Did you realize that with a traditional 401(k) or IRA you have to pay taxes on your withdrawals once you hit retirement?
This essentially means that if you have $100,000 in one of these accounts and you’re in a 22% tax bracket, only $78,000 in that account is actually yours.
There are ways you can ease the pain of that large tax bill in retirement. One way is to offset your taxes by investing in a Roth IRA. So, what is a Roth IRA and how does it work?
What is a Roth IRA?
In 1989, Senator William Roth of Delaware and Senator Bob Packwood of Oregon proposed an account originally referred to as an “IRA Plus.” This account would have allowed taxpayers to contribute $2,000 without immediate tax deductions and tax-free withdrawals once the taxpayer reached retirement age.
Then, almost a decade later, the “Roth IRA” was officially created under the Tax Payer Relief Act of 1997 and named after Senator Roth. As of 2016, almost 22 million American households owned a Roth IRA, with assets totaling about $660 billion.
How does a Roth IRA work?
You contribute to your Roth IRA with after-tax dollars. Then, once you take distributions out in retirement, they’ll be tax-free since you have already paid taxes on the contributions (this is also assuming you’ve held the account for at least five years).
This means you’re getting tax-free growth! If you use the example above of the $100,000, the entire $100,000 is yours in a Roth IRA. Pretty cool!
You’re able to contribute up to $5,500 a year to a Roth IRA (if you’re older than 50, that limit gets bumped to $6,500). However, there are there are income limitations that you need to be aware of.
In order to contribute, your adjusted gross income (AGI) must be under $135,000 as a single filer and less than $199,999 if you are married and filing jointly (some “phase-out” rules also apply with these AGI thresholds).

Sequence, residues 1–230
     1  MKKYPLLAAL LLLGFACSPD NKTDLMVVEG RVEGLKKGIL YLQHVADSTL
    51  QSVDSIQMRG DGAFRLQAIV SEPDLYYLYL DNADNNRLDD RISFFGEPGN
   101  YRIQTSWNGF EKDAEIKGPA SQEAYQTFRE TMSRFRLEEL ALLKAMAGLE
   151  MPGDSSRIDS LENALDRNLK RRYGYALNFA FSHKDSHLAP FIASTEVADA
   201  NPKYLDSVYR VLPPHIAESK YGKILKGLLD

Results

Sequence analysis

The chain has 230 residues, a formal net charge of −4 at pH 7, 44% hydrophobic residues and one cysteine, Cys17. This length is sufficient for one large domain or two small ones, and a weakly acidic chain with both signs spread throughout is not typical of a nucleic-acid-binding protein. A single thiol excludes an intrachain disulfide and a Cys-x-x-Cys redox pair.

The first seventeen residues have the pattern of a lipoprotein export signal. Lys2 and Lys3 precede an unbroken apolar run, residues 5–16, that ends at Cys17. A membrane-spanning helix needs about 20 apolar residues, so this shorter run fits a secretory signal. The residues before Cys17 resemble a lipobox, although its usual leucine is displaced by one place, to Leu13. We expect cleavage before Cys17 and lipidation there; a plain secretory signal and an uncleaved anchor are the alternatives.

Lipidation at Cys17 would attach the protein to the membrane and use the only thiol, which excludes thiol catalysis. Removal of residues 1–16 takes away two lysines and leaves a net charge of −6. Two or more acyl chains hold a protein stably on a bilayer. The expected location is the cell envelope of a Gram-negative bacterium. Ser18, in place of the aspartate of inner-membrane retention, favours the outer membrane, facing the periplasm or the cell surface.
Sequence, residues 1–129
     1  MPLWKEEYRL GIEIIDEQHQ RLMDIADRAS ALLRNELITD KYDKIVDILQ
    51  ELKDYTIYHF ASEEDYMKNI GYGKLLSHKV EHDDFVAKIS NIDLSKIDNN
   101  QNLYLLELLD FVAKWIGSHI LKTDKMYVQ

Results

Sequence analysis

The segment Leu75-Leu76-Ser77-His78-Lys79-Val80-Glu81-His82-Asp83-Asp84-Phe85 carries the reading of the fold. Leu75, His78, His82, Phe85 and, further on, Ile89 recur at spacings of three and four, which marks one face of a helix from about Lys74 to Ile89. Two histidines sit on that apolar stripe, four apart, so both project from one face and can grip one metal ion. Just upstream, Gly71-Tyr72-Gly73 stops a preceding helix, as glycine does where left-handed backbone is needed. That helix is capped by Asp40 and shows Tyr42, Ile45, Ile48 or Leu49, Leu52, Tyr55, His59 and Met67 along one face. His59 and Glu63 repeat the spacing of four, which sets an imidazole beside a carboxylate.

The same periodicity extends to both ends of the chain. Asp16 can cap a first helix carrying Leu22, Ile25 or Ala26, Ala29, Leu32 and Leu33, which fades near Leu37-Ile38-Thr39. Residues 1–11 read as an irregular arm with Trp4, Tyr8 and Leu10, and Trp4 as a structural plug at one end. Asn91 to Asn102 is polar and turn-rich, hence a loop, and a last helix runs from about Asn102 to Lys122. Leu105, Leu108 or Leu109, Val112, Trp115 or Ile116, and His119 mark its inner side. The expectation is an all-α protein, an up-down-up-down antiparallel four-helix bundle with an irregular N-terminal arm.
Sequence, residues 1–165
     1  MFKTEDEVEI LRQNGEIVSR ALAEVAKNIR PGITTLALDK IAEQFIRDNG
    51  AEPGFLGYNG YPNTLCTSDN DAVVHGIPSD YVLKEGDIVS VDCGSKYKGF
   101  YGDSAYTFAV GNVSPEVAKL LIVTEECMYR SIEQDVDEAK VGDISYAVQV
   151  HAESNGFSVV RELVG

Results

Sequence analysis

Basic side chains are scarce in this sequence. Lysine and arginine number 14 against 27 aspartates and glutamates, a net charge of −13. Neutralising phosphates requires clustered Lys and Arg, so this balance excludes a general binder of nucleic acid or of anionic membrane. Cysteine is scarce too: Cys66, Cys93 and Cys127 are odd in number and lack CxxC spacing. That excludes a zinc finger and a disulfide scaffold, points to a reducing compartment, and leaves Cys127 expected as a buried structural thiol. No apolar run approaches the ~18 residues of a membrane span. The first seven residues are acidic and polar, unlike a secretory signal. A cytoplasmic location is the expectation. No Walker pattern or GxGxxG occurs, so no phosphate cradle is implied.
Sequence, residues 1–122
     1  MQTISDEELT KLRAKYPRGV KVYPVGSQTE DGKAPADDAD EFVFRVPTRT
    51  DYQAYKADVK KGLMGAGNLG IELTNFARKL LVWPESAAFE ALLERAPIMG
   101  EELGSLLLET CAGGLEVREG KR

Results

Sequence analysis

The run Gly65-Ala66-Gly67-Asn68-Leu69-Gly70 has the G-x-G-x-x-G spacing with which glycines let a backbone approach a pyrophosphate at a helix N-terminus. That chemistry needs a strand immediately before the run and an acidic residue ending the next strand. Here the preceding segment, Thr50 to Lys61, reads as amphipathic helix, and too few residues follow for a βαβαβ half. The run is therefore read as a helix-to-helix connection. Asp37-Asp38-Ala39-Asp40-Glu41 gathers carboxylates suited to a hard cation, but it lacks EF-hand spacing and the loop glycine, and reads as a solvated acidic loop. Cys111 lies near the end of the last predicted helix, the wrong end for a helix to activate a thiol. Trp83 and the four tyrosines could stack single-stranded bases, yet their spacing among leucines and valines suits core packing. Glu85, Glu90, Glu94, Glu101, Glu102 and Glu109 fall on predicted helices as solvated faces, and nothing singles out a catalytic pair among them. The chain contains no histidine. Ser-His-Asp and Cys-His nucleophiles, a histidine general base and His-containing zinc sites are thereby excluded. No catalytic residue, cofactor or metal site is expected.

When can you take distributions?
Unlike traditional IRAs, you can take out your Roth IRA contributions at any time. This gives Roth IRAs a bit more flexibility than other types of accounts.
However, you cannot take out your earnings tax-free and penalty-free until you are older than 59 ½ and have held the account for at least five years.
Otherwise, you’re hit with a 10% penalty unless the distribution meets certain qualifications. Click here to see what distributions are tax exempt and considered qualified expenses.
Can you convert your assets?
If you’re expecting your tax bracket to be higher in retirement, something called a “Roth conversion” could potentially be an option for you since you would be “locking in” a lower tax rate now. This means you convert traditional IRA money (which was probably contributed on a pre-tax basis) to a tax-free Roth IRA; however, you’ll have to pay taxes on your conversion amount.
Make sure to do the tax calculation ahead of time before moving forward. You want to be sure you have enough money to cover your tax bill, and that the money to pay that bill isn’t coming from the account itself.
Simply Money Advisors recommends working with a tax professional and a financial planner (preferably a CERTIFIED FINANCIAL PLANNER™) to determine if a Roth conversion is right for you and your personalized financial plan.
Can you keep your money in your account for your heirs?
With a traditional IRA, you must begin to take Required Minimum Distributions (RMDs) at 70 ½. This is not the case with a Roth IRA. You can keep all of your money in your Roth as long as you would like.
This also holds true if your spouse inherits your Roth IRA after your death.
However, if your Roth IRA is passed on to a non-spousal beneficiary, he or she would have to take RMDs.
The Simply Money Point
There are many benefits to a Roth IRA. Work with a financial planner to determine if a Roth account fits into your personalized financial plan and can help you achieve your financial goals and objectives.